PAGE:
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How to ease caregiver burnout

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Caregivers have a lot on their plates. Here’s how to take care of yourself while you’re taking care of someone else.

More than 1 in 5 Americans are caregivers. This is someone who cares for an older, ill or disabled person.1 If you’re one of them, you know the joy that comes from offering comfort and support to a loved one. But you also know the stress that comes with your responsibilities.

In fact, more than 35% of caregivers are highly stressed. And 21% rank their own health as fair to poor.2

Signs of caregiver burnout include:

  • Tiredness
  • Changes in eating or sleeping habits
  • A lack of energy
  • Feelings of hopelessness at times
  • Losing interest in activities you previously enjoyed
  • A lack of motivation

If you've ever been on an airplane, you've heard that you should put on your own oxygen mask before you help others. This advice holds true in caregiving, too.

If you're feeling burned out, try these expert-backed strategies. They can help you take care of yourself while you're taking care of someone else.

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Ask for help

It's easy to feel alone when your to-do list is getting longer. But often, the people in your life want to help. Take them up on their offers or reach out to ask for support. And be as specific as possible about what you need. Grocery shopping? Helping with laundry? Make a list so you don't have to figure it out each time. 

Practice mindfulness

Mindfulness means paying attention to the moment without judgment.3 And its benefits go far beyond easing caregiver burnout. Meditation and breathing exercises may even help ease mental health issues.4

Just sitting outside with a cup of coffee for 10 minutes in the morning can be grounding. Here 10 more ways to feel calmer.

Be realistic

It's natural to want to go out of your way for the people you love. But nobody can be everything for anyone else. You must be realistic about what you can do all by yourself.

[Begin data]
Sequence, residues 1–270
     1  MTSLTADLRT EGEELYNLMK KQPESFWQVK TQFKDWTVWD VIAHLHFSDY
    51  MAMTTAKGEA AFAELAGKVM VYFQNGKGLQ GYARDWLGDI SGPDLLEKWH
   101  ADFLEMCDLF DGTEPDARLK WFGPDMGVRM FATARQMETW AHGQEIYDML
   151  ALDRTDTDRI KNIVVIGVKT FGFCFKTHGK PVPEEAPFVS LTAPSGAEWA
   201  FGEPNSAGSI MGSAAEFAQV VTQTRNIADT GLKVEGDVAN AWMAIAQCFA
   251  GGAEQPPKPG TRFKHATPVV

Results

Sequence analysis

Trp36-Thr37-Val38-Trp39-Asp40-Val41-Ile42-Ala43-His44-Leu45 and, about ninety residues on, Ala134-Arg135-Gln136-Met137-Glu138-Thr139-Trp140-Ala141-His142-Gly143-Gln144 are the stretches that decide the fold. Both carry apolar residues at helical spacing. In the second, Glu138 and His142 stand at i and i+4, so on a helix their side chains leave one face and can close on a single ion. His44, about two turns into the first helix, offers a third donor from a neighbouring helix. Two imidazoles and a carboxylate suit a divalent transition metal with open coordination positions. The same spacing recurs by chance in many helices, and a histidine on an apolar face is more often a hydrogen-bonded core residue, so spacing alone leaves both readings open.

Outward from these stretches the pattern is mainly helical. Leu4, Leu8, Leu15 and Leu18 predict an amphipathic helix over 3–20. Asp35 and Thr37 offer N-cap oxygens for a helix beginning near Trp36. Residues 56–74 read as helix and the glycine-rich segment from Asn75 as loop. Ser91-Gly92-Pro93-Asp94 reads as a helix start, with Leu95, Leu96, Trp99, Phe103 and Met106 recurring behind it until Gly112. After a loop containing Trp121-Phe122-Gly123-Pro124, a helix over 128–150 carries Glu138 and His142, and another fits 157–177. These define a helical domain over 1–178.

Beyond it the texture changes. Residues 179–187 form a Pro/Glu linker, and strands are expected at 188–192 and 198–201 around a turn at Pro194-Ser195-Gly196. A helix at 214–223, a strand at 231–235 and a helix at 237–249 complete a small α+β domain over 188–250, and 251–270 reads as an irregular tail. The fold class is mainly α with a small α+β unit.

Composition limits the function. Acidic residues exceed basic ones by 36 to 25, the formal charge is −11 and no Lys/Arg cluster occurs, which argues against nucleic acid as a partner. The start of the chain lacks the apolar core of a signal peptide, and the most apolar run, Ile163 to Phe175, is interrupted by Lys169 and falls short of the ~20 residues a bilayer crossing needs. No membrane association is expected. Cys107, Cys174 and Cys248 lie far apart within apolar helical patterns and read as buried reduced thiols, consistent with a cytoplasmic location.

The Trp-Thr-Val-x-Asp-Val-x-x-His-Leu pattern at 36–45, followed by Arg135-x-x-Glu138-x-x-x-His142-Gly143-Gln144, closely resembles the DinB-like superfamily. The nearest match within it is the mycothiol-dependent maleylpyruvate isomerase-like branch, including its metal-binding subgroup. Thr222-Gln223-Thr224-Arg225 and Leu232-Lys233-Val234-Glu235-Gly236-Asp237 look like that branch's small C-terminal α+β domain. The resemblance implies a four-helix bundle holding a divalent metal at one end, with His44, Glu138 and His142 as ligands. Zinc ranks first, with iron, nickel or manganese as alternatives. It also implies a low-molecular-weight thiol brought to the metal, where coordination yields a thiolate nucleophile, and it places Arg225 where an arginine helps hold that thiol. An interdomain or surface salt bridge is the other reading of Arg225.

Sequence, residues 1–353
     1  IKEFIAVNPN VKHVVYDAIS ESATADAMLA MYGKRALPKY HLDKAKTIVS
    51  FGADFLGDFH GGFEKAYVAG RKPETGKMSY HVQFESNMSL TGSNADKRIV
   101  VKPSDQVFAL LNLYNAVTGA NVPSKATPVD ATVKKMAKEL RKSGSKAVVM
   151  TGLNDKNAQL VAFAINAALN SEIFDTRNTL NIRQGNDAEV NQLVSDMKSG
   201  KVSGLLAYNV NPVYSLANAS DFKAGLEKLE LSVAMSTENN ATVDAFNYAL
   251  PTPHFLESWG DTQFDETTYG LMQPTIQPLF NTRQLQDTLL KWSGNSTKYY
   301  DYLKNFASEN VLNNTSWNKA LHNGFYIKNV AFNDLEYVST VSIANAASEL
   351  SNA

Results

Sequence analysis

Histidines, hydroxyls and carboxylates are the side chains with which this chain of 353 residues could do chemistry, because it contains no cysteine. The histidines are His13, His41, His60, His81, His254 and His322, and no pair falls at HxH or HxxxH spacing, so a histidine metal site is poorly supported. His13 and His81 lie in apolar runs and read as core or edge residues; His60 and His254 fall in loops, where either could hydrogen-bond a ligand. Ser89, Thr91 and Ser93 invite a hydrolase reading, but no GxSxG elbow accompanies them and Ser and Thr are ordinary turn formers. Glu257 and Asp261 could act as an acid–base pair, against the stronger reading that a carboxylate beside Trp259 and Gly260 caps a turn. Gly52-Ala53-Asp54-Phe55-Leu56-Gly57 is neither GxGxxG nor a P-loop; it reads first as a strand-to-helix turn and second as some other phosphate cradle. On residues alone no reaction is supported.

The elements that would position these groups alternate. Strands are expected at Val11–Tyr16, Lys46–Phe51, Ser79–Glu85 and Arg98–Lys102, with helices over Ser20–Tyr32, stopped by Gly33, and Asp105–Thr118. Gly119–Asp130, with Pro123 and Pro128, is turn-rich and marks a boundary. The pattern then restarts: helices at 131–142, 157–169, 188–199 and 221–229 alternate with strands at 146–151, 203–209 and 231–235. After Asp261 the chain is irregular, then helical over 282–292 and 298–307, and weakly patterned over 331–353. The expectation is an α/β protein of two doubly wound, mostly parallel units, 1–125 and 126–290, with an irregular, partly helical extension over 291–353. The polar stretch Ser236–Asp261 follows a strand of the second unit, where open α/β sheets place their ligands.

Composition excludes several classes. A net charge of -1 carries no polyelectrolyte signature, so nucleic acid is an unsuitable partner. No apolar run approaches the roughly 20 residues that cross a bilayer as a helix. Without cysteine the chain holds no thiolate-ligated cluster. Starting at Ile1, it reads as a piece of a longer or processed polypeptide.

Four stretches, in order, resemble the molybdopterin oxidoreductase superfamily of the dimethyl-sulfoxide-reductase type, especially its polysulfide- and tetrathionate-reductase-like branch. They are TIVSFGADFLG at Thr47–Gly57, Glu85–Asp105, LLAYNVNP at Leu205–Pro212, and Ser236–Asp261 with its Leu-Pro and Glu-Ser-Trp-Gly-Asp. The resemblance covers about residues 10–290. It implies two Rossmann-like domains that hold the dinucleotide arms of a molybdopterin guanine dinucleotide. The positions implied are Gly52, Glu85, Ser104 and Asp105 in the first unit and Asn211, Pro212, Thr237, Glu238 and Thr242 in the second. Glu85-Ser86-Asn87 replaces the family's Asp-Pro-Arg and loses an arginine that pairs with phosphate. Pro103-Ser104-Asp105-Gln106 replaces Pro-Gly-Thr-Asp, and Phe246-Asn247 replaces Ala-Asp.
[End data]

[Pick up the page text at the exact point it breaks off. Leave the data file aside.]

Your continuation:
Remind yourself that you’re doing your best and making the best decisions that you can.

Lean on community resources

You don't have to do it all alone. There may be groups in your town or city that offer rides, home-delivered meals or shopping help.

See if your community offers any of these services. There may be information on your town’s website. If you’re caring for a parent, you can also check with your local senior center. Your loved one's health plan might even offer them. If you don't know where to start, your loved one's doctor might have recommendations.

Join a support group

Caregiving can be lonely and isolating. It's important to connect with people who understand what you're going through. A local support group is a great way to find comfort.

Some support groups are online, while others are in person. If you are taking care of someone with an illness, their care facility might offer a caregivers support group.

Celebrate small victories

A win looks different for everyone. Maybe you helped your loved one get dressed this morning without difficulty. Maybe you found time during the day to take a bath and unwind with a new book. Don't compare your wins to anybody else's. And don't discount even the tiniest victories.

Finding it hard to get into this mindset? Try focusing on the things you can control and try to let go of the things you cannot.

Take days off

Giving yourself a break is key to keeping burnout at bay. Stepping away for a short time allows you to return feeling refreshed.

Take advantage of care services. Or reach out to friends and family who can step in and give you some much-deserved time off.

Let yourself grieve

Grief is often linked to death. But you may be grieving even though your loved one is still alive.

Memory issues might make them different from the person they once were. Other conditions might make it hard to enjoy the activities you once shared with your loved one.

Remind yourself that the grief you're feeling is normal. Give yourself time to process those feelings.

Accept your feelings

When you're feeling overwhelmed from caring for a loved one, know your limits. Be honest with yourself about your personal situation.

Accepting your potential for caregiver burnout is the first step in opening yourself up to outside help.

You can’t completely get rid of stress from your life. But you can learn to manage it. Get on-the-go support from Sanvello. Or work 1-on-1 with a virtual therapist or coach from AbleTo. Find support now.

Sources

  1. National Alliance for Caregiving. Caregiving in the U.S. 2020. Accessed June 15, 2022.
  2. 2020 Report. Caregiving in the U.S. Published May 2020. Accessed June 16, 2022.
  3. Department of Homeland Security. Mindfulness meditation. Last updated March 8, 2021. Accessed June 16, 2022.
  4. National Institute of Mental Health. Psychotherapies. Last revised June 2021. Accessed June 16, 2022.

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